Let’s pretend we’re standing in a circle with a room full of strangers, and your boss or a board member tells you that you have to jump into the middle of the circle and sing a solo.

You and I both know a rare few people who would happily jump in; the kind of folks who are just waiting for an invitation to have all eyes on them. But most of us would be paralyzed with one or more of these familiar feelings:

  • A flushing or feeling of heat
  • A rushing sound in the ears
  • A sense of tightening in the chest or throat, or even across the abdomen
  • A tingling on the back of the neck
  • A feeling of everything pushing and stopping
  • An experience of disconnection from the body

These are the physical manifestations of embarrassment, guilt and shame. For whatever reason, we are biologically wired to really dislike feeling foolish. And of these feelings, the most difficult of these is shame – the feeling that we are bad or unworthy. We build armor around those places that trigger our shame – body issues, social status, whether we think we are good parents, etc.

Shame triggers the same physical reactions as the fight or flight response, which is designed to protect us. The same physical sensations we feel about making a fool of ourselves are literally the same our body produces when we swerve away in a split second from a close call in traffic.

Most importantly, shame is a powerful trigger of the amygdala hijack, which overwhelms our executive function and has us making all decisions from a deeply seated, primal place, and using our secondary “logic” brains to justify decisions made by our bodies. Some of the most stubborn, defensive or outright cruel things we do are driven by feelings and motivations that are nearly impossible to articulate.

We need to talk about shame and its related feelings, because they go everywhere with us – especially to work, where it can override our ability to make good decisions. And in nonprofit work, many of us sometimes feel our personal worth tied to the outcomes of our clients. There’s sometimes a feeling of, “If I’m not changing the world for someone, am I really worthwhile?”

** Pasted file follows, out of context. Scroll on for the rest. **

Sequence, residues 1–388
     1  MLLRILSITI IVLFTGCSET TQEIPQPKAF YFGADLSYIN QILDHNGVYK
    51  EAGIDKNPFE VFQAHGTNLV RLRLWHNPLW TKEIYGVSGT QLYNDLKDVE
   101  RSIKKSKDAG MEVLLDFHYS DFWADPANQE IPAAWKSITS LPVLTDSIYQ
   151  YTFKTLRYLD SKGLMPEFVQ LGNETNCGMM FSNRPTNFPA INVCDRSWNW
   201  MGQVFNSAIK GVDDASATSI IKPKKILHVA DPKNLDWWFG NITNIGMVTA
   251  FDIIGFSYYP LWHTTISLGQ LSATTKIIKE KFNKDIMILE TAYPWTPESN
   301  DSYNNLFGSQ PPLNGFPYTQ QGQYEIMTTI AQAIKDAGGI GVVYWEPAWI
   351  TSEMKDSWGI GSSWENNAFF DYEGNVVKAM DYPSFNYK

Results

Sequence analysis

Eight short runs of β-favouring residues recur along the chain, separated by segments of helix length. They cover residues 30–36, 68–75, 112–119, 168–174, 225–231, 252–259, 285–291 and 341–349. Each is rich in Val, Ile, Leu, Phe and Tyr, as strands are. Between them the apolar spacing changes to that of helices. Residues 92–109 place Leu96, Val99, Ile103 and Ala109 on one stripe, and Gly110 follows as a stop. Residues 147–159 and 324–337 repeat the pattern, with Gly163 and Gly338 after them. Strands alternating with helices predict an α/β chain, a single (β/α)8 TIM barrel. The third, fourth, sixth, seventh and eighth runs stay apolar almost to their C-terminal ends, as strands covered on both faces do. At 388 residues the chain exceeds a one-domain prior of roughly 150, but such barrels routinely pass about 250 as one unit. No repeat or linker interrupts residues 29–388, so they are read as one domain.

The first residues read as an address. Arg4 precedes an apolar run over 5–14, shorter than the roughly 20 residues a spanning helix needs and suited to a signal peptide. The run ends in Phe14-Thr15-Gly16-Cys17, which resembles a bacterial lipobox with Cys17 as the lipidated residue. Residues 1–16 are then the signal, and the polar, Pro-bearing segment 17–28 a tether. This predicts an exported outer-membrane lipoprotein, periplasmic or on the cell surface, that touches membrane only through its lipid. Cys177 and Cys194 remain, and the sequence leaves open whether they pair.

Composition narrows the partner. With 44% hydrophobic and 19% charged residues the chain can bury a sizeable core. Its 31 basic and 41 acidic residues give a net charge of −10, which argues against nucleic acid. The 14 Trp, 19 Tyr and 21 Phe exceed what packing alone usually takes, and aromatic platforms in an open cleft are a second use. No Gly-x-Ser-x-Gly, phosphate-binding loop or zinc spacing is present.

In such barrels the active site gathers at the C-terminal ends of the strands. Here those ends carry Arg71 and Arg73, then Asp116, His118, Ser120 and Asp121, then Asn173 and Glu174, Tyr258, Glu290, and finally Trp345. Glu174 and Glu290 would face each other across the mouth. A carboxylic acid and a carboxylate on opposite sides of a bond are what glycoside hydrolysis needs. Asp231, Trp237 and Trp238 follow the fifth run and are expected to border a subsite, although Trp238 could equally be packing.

Shame can stop us from having hard conversations with colleagues, even though we know our project is headed in the wrong direction, because we are afraid of being called out too.

Shame can stop us from asking for the resources we need from management, a community partner, or even a potential donor, because we are afraid that we might be told no – not because a donor can’t right now, or just isn’t inspired by the cause, but because the person asking is unworthy.

Shame can stop us from fully realizing our abilities, dreams and passions, because our bodies can equate feeling like a fool with real, physical pain.

But here’s the thing: the feeling goes away if we can just endure. The thing we’re facing down may not get logistically easier, but the flushing, tight feelings can fade quickly.

Harvard Business Review has some great suggestions about controlling emotions during these moments:

  • Breathe (use a breathing square to take control of the fight or flight response)
  • Focus on your body, learn the triggers and how to recognize shame responses
  • Tell your story, share your feelings — get a friend or loved one’s point of view to hear the truth beyond these feelings
  • Take a break, and wait for the response to die down

It takes a lot to do the work you are doing for the people of Louisiana — often with a great deal of emotional exposure, which can make shame reactivity even more intense. If you need someone to give you that outside point of view and lift you up, our team is here for you. Let us, and your colleagues and other partners, know how we can be of support for you as you keep doing critically important work for people across our state.

Until next week,

Michael Tipton
President, Blue Cross and Blue Shield of Louisiana Foundation
Head of Community Relations


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